San Sebas — Cuenca’s popular new gringo-owned café

Feb 12, 2012

“It reminds me of Austin, Texas."

“It’s straight out of San Diego.”

“It would be right at home in Boston.”

These are a few of the comments from expats about the San Sebas Café, which opened in mid-December on Mariscal Sucre and Coronel Talbot at the southwest corner of San Sebastian Square. With its warm colors, local art, friendly and efficient staff, great food at good prices, and artesania boutique, San Sebas combines the best of both worlds and is justifiably popular with cuencanos and estadounidenses.

The café is the brainchild of 26-year-old Lindsay Burton, who has worked in the restaurant industry since she was 14 and was recently a part of three different groups that opened restaurants in Texas. “I was born in Hawaii into a traveling family, so I grew up all over the world, including New Zealand, Belize, the Philippines, Japan, Texas, and Oregon. I also spent some time working in Cambodia,” Lindsay says of her unique upbringing.

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“Lindsay is much more comfortable outside the U.S. than in it,” adds Bob Burton, Lindsay’s dad.

Bob and Mary Burton, married for 34 years, were real-estate agents in Oregon who got involved in Youth with a Mission, an international volunteer movement currently operating in more than 1,000 locations in 180 countries. They began coming to Ecuador in 2005 to work with young people in south Quito, helping to bring in medical and vision teams; the optometrists and opticians could do 1,500 eye exams and dispense 800 pairs of glasses over a three-day period.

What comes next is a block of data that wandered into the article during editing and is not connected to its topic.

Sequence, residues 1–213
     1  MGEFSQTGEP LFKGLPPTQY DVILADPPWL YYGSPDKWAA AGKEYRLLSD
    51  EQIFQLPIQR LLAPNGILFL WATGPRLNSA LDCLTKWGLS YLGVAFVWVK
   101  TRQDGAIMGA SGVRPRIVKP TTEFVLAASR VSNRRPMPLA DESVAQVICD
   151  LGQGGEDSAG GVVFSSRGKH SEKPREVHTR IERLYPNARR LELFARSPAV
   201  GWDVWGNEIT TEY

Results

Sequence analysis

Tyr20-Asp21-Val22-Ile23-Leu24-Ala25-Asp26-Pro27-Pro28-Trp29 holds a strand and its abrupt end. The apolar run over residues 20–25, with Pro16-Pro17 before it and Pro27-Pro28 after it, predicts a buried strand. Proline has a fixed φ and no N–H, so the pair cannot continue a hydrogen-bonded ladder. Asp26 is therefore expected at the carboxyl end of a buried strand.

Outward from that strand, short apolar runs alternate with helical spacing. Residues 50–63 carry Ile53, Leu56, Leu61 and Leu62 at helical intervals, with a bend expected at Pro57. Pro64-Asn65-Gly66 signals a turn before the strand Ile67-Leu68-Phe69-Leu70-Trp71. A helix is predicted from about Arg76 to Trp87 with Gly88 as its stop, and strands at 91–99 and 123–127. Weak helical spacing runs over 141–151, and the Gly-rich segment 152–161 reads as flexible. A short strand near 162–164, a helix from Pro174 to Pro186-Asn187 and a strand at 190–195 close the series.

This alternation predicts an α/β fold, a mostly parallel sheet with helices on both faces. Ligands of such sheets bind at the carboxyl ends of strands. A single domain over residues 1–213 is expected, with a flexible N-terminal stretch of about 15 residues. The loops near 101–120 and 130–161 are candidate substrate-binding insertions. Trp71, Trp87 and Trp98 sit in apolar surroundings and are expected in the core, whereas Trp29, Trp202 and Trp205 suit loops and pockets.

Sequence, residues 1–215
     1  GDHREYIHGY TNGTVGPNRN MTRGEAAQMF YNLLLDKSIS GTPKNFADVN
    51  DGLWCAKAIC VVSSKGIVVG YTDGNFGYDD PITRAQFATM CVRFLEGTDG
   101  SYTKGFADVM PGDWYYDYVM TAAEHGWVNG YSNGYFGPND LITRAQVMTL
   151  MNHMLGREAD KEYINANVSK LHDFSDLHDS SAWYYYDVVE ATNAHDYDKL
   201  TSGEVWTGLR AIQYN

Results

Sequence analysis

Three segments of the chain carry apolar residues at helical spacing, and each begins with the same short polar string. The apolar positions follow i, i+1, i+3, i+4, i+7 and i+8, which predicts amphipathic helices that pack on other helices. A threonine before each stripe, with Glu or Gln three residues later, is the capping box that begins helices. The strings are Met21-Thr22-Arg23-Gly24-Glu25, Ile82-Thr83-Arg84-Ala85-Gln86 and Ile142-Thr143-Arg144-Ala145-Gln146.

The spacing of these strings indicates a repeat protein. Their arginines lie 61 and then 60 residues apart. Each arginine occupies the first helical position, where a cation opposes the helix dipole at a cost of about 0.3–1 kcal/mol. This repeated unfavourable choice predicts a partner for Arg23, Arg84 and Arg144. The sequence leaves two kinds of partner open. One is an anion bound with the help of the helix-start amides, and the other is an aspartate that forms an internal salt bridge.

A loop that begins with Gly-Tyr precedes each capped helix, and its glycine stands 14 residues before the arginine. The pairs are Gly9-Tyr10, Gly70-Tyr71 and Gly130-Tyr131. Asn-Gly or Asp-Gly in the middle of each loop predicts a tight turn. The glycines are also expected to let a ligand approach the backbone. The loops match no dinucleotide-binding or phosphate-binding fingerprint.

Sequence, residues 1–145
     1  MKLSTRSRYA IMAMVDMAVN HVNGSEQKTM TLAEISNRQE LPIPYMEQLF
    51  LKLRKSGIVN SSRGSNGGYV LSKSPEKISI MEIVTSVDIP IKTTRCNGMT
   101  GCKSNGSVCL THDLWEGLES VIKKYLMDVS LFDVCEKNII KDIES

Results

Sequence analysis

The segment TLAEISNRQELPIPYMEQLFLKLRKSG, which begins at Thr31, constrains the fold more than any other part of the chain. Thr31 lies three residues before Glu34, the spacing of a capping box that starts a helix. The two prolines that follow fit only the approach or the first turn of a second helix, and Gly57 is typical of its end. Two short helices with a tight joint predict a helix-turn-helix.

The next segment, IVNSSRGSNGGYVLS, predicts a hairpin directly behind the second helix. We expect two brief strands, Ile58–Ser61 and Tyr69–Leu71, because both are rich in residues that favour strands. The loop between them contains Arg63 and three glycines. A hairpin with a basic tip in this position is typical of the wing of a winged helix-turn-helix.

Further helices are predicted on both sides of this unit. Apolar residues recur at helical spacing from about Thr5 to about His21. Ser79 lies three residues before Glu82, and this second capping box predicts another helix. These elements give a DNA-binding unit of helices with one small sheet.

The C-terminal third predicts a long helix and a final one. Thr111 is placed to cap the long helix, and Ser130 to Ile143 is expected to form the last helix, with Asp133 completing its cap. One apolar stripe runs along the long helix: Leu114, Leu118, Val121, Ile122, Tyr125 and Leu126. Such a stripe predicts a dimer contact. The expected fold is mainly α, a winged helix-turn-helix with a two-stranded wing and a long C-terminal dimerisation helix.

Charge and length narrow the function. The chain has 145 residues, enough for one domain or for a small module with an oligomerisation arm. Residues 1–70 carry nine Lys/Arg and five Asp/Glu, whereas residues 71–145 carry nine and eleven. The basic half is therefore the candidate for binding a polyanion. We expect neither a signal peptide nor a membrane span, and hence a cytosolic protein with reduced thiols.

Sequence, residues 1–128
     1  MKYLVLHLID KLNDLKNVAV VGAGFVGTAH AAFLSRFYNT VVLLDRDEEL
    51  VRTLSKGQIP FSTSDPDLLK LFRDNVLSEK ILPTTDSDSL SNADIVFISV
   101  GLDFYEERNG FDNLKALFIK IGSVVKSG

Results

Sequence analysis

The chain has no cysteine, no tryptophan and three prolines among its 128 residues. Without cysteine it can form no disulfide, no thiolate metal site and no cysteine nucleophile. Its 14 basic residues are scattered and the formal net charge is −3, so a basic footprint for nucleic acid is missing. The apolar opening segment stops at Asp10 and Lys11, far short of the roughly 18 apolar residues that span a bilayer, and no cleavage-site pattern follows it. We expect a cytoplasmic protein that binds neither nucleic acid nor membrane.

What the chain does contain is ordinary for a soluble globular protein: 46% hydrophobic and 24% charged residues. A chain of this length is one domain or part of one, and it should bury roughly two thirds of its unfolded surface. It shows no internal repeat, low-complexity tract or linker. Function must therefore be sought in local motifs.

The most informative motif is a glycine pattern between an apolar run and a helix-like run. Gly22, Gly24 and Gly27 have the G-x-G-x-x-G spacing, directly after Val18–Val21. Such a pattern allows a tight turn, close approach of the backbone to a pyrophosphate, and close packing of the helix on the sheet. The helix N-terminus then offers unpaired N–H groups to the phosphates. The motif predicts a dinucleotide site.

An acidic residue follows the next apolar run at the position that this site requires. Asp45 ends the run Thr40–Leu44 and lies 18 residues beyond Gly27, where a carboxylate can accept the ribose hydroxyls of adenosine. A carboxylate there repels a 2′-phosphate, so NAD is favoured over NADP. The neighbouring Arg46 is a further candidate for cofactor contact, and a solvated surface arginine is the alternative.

In May 2009, the Burtons discovered Cuenca and began doing vision work in the surrounding towns. “In Santa Isabela, we had a girl with minus-four vision,” Bob recalls. “As soon as we put minus-four glasses on her, she saw her family for the first time. She lit up like a Christmas tree.”

Lindsay followed her parents to Ecuador in 2006. “Since then,” she says, “I’ve spent two to three months every year working outside Quito with a children's organization.” She visited her parents in Cuenca in October 2010. “I was immediately drawn to the small-town feel of this city. I returned to Texas, sold everything, and moved here a month later.”

According to Lindsay, San Sebas Café was inspired by the eclectic coffee-shop scene with which she fell in love while living in Austin. When she moved to Cuenca, she missed having somewhere comfortable to go in order to sit and work or read a book, while enjoying a good cappuccino, sandwich, or North American-style salad. “Also,” she says, “San Sebastian was an inspiration for the café. The tranquility and beauty of the park, along with the chance to have outside seating, is what drew me to this location.”

From idea to opening, the creation of San Sebas took about nine months. “I had my eye on this location for about four months before it was actually available,” Lindsay says. “When this building became available, I jumped on the opportunity immediately.”